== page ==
Magical realism, or magic realism, is a narrative technique that blends reality with the fantastic. Both the ordinary and the extraordinary are presented as a matter of fact, and there is usually a strong hint of social criticism that runs throughout the narrative. This is certainly what Coelho does in The Alchemist. Santiago, an ordinary shepherd, embarks on a journey to realize his Personal Legend. While the first few pages are grounded in reality, the move to the fantastic soon occurs. The young shepherd meets an extraordinary man who claims to be the King of Salem. Melchizedek is his real name; he is a character from the Bible. In The Alchemist, he helps those who are at the point of discovering and following their Personal Legends.
One of the basic tenets of magical realism is that the universe wants one to succeed: if one is following one’s “true path,” then forces will conspire to help. Melchizedek explains that “there is a force that wants you to realize your Personal Legend…[but] in order to find the treasure you will have to follow the omens.” Magical realism calls for people to take an active role in pursuing their dreams by paying attention and acting on lessons learned in life; success without effort will not happen.
Omens are an important element of magical realism for Coelho and other authors who adhere to this technique. Santiago will be shown many signs along the way that he will have to properly interpret in order to move forward. Some of these omens are a butterfly that represents both change and freedom, the hawks that portend danger in the oasis, and the scarab beetle Santiago finds at the pyramids that tells him where to dig.
Santiago’s journey is rife with magical realism; the ordinary and extraordinary are constantly blended. Melchizedek gives the boy two deceptively simple-looking stones that have magical divining powers. They are called “Urim and Thummim.” These stones are a fortune telling device that in a tight spot will help Santiago by giving him a clear yes-or-no answer to his queries. The stones are used only once, however, because knowing too much about the future can be a hindrance: life is full of obstacles, and it does not help to know the suffering one will have to endure along the way. It is enough to know that there is no such thing as luck or coincidence. All things happen for a reason, and all are a part of the “mysterious chain.”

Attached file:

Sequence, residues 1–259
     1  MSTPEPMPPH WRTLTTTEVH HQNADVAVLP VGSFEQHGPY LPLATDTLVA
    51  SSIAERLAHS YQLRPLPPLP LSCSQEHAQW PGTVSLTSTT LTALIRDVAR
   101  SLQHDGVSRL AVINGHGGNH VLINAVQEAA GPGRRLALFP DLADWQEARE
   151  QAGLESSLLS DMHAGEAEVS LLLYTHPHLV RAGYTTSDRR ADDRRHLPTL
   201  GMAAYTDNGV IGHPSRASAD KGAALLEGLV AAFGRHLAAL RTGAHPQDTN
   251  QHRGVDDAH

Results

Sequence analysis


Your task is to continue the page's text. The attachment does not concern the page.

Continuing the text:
Implicit in magical realism is a criticism of society. In Santiago’s life, he has to overcome many naysayers, such as his father and the crystal merchant, who tell him his dream is impossible. These characters are older people who have, for one reason or another, let fear kill their own dreams. Coelho is critical not just of those who have failed in their own lives but even more so of those who try to foist their bitterness off on others who actively pursue their dreams.
The most explicit examples of magical realism can be found in the final sections of Part II, in which Santiago is able to speak to the desert, the wind, and the sun; he convinces all of these entities to help him prove to the tribal leaders that he is an alchemist.
Finally, magical realism in the novel comes full circle when a robber boy tells Santiago that his treasure is really to be found at the starting point of his journey—the shepherd’s barn in Spain. Santiago is rewarded by the universe for his tenacity and enthusiasm. The universe conspired to help him as he helps himself by learning patience, staying the course, and properly interpreting the omens along the way.
The numbers four, three, and two are important thematically. An appreciation for their placement will aid in understanding The Alchemist.
Four is the number of the elements (earth, wind, sun, and water). There are four obstacles in Santiago’s path to realizing his personal legend: being told from childhood that his dreams are impossible, fear of hurting those he loves, fear of defeat, and fear that he does not deserve success.
Four days pass when Santiago first makes his way into the village to sell his sheep’s wool. The alchemist breaks up and distributes the gold he has created into four parts: one for himself, one for the monk, one for Santiago, and he has the monk hold the fourth section for Santiago, should he ever need it.